• These programs may erase accounting. • Unlike computer viruses and worms. the end results are basically the same: damage and interruption of the computer and/or network system. . personnel. • Trojan horse programs are usually hidden inside a popular useful program. a Trojan horse program does not replicate itself. and financial data. • Although a Trojan horse program functions differently than viruses and worms.TROJAN HORSE • A Trojan horse program contains codes intended to disrupt a computer system and or an e-commerce site.

LOGIC BOMBS • A logic bomb is a type of Trojan horse used to release a virus. or some other destructive code. a worm. • An event may be loading a backup tape or the birthday of a famous person. • An action can be pressing certain keystrokes or running a specific program. . • Logic bombs are triggered at a certain point in time or by an event or an action performed by a user.

• A trap door is usually activated by the individual (or his or her agent) who designed the system. Usually the user is not aware of the problem. .TRAP DOORS • A trap door (also called a back door) is a routine built into a system by its designer or programmer. a keystroke combination or a specific login may set it off. • This routine allows the designer or the programmer to sneak back into the system to access software or specific programs.

• Just imagine. . • Although the store is open.DENIAL-OF-ACCESS ATTACKS • A denial-of-service attack is a method hackers and crackers use to prevent or deny legitimate users’ access to a computer or web server. 5. it cannot provide service to its legitimate customers.000 or more people surround a department store and block everybody who wants to enter the store.

making the system unusable. . • Any system connected to the Internet running Transmission Control Protocol services are subject to attack. or mail server). file transfer protocol. which floods the server’s resources.DENIAL-OF-ACCESS ATTACKS • These computer criminals use tools that send many requests to a targeted Internet server (usually the Web.

• This is similar to denial-of-service attacks. • As soon as the store clerk picks up the phone.DENIAL-OF-ACCESS ATTACKS • Just imagine continuous phone calls to a traditional store. he or she finds out that this is a prank call. it prohibits the store’s legitimate customers to get hold of the store operator and use the store’s services or products. . • If this process continues.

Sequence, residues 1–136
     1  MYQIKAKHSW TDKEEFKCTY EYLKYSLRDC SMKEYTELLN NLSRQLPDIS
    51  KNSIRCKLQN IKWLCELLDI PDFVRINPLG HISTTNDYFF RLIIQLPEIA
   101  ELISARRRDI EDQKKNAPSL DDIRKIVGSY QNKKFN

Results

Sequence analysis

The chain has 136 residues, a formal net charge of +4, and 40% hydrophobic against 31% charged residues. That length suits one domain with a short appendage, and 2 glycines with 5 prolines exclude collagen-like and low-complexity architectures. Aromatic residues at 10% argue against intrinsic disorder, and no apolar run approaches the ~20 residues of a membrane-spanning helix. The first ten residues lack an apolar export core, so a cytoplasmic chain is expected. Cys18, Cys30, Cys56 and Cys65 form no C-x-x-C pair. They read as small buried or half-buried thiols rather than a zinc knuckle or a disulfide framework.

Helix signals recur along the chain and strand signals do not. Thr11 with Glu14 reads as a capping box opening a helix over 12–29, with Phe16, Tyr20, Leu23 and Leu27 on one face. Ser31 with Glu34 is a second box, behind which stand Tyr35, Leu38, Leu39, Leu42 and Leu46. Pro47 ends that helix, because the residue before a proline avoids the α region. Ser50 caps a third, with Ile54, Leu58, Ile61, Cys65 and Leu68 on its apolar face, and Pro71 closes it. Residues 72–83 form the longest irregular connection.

causing it to grind to a halt. • The attacks usually come from several computers on the Web. and this makes it difficult to trace the attacks . in which a web site is bombarded with thousands of requests for information in a very short period of time.DENIAL-OF-ACCESS ATTACKS • The assaults are all of a type known as “distributed denial-of-service” attacks.

. • It is nearly impossible to trace the attack. • The methods of how and what resources are flooded differ based on the tools used by the hackers. • These computers can be centrally controlled.DENIAL-OF-ACCESS ATTACKS • A hacker secretly plants denial-of-access attack tools on several computers on the Web. particularly if the attacks come from several sites.

SECURITY MEASURES AND ENFORCEMENTS FOR E-COMMERCE • • • • • • Biometric securities Non-biometric securities Physical securities Software securities Electronic transactions securities CERT .

• Some of the drawbacks of biometrics are their relative high cost. lost. acceptance by users. and the relative difficulty of installation. copied. or passed on to others. • These security measures rely on the concept that a unique part or characteristic of an individual cannot be stolen. .BIOMETRIC SECURITIES • Biometric security measures use elements from the human body to screen users.